Erosa found his rhythm by Round 5 and Pimblett was struggling to find a way to get in. Pimblett has a takedown attempt stuffed and when they separated, Erosa went right back to work with teeps and low kicks while tossing in the occasional head shot. He seemed to plan to do bodywork until the buzzer went off. Pimblett did land a left hook and fought hard for a takedown near the end of the fight. It was possible that it was too little, too late.
What did the judges say?
Ben Cartlidge scored it 48-47 Pimblett.
David Lethaby scored it 48-47 Pimblett.
Andy Sledge scored it 49-46 Pimblett.
Cartilage and Lethaby both gave Pimblett the first three rounds, while Sledge gave him those rounds plus the fifth.
It’s at this point where I remind you that this is the fight where Pimblett puked during his post-fight interview. Seek out the clip at own risk.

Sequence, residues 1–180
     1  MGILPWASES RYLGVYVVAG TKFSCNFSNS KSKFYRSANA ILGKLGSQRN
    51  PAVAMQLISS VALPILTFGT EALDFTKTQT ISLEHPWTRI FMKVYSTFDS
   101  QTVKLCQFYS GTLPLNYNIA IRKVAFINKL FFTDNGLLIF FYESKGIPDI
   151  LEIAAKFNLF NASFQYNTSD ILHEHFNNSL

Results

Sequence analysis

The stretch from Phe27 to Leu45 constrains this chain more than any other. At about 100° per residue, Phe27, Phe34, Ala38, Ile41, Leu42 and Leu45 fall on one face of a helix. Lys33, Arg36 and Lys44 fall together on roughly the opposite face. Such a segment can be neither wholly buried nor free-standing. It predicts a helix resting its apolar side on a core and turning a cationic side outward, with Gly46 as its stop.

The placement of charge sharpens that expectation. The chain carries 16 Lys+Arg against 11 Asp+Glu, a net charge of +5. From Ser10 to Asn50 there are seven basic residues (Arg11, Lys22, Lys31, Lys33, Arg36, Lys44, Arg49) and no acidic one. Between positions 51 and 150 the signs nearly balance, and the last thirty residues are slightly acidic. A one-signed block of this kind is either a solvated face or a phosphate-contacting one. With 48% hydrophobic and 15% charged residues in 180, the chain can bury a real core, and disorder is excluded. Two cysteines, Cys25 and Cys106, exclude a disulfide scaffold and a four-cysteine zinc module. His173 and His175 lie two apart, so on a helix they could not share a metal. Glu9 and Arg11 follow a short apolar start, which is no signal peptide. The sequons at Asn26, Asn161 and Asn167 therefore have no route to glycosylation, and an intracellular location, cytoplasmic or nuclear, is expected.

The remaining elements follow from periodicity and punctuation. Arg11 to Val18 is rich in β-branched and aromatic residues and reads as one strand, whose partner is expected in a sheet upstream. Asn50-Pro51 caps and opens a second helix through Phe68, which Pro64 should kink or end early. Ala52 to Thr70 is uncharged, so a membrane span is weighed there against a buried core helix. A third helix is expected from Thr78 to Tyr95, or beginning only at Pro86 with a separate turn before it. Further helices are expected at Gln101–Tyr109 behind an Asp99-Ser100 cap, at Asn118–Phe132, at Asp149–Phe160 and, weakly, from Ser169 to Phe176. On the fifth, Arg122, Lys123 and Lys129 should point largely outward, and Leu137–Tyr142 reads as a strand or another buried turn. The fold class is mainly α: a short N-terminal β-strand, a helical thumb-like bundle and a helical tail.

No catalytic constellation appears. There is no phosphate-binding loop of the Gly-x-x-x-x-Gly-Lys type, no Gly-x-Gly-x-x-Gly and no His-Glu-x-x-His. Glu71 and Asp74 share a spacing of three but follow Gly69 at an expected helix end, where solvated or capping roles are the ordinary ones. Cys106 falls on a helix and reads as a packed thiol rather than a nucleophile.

What did the media say?
What did the people say?
Once again looking to MMA Decisions, we don’t have a lot of fan votes to work with (36 total according to the site), but the top two results are actually tied with 27. 8 percent of the vote: 49-46 Erosa and 48-47 Pimblett. The rest of the top five results are all for Erosa (48-47 at 22. 2 percent, 50-45 at 13. 9 percent, and 48-46 at 2. 8 percent).
The reactions to the MMA Twittersphere’s tweets are more interesting, even if they don’t provide any data. We will be looking at some of them here :
— Eugene Carrick (@ecarrick85) November 12, 2016
Welp. Erosa got absolutely robbed, then Pimblett vomited blood at the end of his post-fight speech.
— Phil Mackenzie (@EvilGregJackson) November 12, 2016
I thought Erosa beat Pimblett for the CWFC strap
— caposa (@Grabaka_Hitman) June 27, 2018
the hilariously drunk judges didnt agree with you
— Dave/Dim (@dimspace) June 27, 2018
One of the worst decisions I’ve ever seen. https://t.co/upG1klgCm7
— Andy Stevenson (@andyste123) November 12, 2016
shocking decision that. He was absolutely out in the 4th
— Ste Browne (@stephen19browne) November 12, 2016
How did I score it?